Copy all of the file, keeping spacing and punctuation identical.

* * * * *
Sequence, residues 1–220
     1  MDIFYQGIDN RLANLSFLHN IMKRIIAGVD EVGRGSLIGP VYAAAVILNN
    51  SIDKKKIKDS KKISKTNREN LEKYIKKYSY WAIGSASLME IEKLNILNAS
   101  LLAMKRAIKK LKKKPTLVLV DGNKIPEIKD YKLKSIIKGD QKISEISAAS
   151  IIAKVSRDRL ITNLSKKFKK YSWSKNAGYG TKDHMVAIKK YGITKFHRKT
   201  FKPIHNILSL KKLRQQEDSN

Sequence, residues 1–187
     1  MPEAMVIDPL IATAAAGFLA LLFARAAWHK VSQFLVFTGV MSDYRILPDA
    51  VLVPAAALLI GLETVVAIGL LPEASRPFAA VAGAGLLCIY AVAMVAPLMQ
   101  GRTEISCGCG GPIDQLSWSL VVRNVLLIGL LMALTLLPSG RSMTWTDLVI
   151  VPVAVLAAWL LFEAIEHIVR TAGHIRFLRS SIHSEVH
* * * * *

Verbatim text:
Sequence, residues 1–220
     1  MDIFYQGIDN RLANLSFLHN IMKRIIAGVD EVGRGSLIGP VYAAAVILNN
    51  SIDKKKIKDS KKISKTNREN LEKYIKKYSY WAIGSASLME IEKLNILNAS
   101  LLAMKRAIKK LKKKPTLVLV DGNKIPEIKD YKLKSIIKGD QKISEISAAS
   151  IIAKVSRDRL ITNLSKKFKK YSWSKNAGYG TKDHMVAIKK YGITKFHRKT
   201  FKPIHNILSL KKLRQQEDSN

Sequence, residues 1–187
     1  MPEAMVIDPL IATAAAGFLA LLFARAAWHK VSQFLVFTGV MSDYRILPDA
    51  VLVPAAALLI GLETVVAIGL LPEASRPFAA VAGAGLLCIY AVAMVAPLMQ
   101  GRTEISCGCG GPIDQLSWSL VVRNVLLIGL LMALTLLPSG RSMTWTDLVI
   151  VPVAVLAAWL LFEAIEHIVR TAGHIRFLRS SIHSEVH